SciELO - Scientific Electronic Library Online

 
vol.21 issue1Water use by olive orchards (Olea europaea L.) in the Northwest of Argentina: a comparison with the Mediterranean BasinWater economy of woody species from the Patagonian steppes author indexsubject indexarticles search
Home Pagealphabetic serial listing  

Services on Demand

Article

Indicators

  • Have no cited articlesCited by SciELO

Related links

  • On index processCited by Google
  • Have no similar articlesSimilars in SciELO
  • On index processSimilars in Google

Bookmark


Ecología austral

On-line version ISSN 1667-782X

Abstract

VILLAGRA, Pablo E et al. To be a plant in the desert: water use strategies and water stress resistance in the Central Monte desert from Argentina. Ecol. austral [online]. 2011, vol.21, n.1, pp. 29-42. ISSN 1667-782X.

The diversity and productivity of arid lands depend on the interaction between environmental limitations and the complex of adaptive features that allow organisms to maintain their water and energy balance. The Central Monte is located in the aridsemiarid zone from western Argentina, with mean annual rainfall that varies between 30 and 350 mm, concentrated in summer, mean temperature between 13 and 18 ºC and with water deficit during most of the year. Here we analyze plant adaptations to water stress and the water use strategies of the dominant life forms in Central Monte: trees, shrubs and perennial grasses. Trees and shrubs from the Monte include species with different levels of xerophytism. Their adaptations range from exploitation of deep water reservoirs with extensive root systems to a wide variety of physiological, morphological and architectural strategies to tolerate drought and salinity. Prosopis flexuosa, a phreatophytic tree, plays central ecological roles in plant communities, affects the hydrological cycle, and is an important economical resource locally and regionally. Grasses, with shallow root systems, have growth pulses associated to rainfall dynamics. Diversity in water use by the dominant plant growth forms determines negative and positive interactions among species that modulate the ecosystem productivity and, consequently, its productive potential. The hydrological cycle is strongly linked to vegetation (and viceversa) in the Monte ecosystems, both locally and regionally (in several areas with groundwater accessible to plant roots, recharged by Andean precipitations). Therefore, the knowledge of the mechanism driving this connections helps to understand ecosystem functioning and to predict future scenarios in relation to global climate change and land use.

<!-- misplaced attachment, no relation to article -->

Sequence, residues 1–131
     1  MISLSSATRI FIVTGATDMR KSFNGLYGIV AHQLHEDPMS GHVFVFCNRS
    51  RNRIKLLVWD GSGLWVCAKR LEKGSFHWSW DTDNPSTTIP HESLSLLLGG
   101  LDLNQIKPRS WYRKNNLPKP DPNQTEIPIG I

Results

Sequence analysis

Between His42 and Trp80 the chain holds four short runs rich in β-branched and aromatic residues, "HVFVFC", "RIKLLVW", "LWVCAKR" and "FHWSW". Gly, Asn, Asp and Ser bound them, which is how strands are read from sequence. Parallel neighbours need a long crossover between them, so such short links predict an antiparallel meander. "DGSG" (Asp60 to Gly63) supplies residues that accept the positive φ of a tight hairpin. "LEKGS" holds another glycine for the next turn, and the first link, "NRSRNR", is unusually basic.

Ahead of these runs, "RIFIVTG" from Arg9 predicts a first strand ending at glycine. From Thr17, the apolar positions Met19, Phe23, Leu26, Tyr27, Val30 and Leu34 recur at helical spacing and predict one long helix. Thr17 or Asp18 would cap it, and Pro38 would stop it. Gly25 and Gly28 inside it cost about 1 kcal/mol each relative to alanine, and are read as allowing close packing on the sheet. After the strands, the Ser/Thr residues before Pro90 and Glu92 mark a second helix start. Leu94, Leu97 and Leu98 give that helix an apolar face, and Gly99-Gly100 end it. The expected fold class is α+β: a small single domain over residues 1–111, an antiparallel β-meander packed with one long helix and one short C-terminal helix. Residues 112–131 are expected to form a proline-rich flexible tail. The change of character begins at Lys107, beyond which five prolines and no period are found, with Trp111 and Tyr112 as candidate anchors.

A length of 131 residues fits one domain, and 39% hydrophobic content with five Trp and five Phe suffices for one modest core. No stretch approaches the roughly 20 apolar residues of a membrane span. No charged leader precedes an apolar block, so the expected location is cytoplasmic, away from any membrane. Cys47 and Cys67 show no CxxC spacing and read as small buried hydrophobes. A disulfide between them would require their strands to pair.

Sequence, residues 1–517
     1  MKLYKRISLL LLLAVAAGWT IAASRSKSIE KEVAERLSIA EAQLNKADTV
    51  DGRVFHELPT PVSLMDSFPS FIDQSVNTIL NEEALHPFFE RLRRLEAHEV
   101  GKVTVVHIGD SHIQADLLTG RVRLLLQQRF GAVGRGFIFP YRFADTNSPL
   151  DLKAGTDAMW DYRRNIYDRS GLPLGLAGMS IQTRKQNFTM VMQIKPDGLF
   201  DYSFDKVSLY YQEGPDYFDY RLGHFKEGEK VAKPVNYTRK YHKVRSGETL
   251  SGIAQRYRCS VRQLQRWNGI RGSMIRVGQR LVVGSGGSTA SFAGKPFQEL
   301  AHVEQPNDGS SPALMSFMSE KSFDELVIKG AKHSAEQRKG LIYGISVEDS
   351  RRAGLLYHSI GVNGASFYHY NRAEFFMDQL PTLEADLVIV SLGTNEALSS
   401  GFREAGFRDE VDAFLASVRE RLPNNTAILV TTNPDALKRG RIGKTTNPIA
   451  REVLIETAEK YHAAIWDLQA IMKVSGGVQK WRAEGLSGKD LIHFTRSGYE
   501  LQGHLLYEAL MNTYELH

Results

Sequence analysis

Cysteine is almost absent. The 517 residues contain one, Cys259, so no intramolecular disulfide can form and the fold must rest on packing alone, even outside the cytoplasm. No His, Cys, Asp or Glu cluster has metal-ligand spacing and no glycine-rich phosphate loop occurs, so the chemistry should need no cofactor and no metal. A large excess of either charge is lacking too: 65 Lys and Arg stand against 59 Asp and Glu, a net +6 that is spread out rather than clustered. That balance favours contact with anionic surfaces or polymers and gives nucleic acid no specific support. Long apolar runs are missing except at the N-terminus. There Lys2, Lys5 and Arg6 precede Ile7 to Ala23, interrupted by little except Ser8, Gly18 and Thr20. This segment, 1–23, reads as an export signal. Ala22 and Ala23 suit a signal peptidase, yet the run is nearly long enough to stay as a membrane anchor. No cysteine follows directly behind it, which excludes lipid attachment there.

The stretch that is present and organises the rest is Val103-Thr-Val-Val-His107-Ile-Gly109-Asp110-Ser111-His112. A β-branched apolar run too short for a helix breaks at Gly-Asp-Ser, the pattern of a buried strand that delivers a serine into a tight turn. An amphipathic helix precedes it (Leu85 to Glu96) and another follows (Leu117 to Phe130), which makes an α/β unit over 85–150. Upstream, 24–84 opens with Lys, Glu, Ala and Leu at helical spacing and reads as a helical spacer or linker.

Keywords : Water use; Xeromorphism; Freatophytes; Water stress; Adaptations; Roots.

        · abstract in Spanish     · text in Spanish     · pdf in Spanish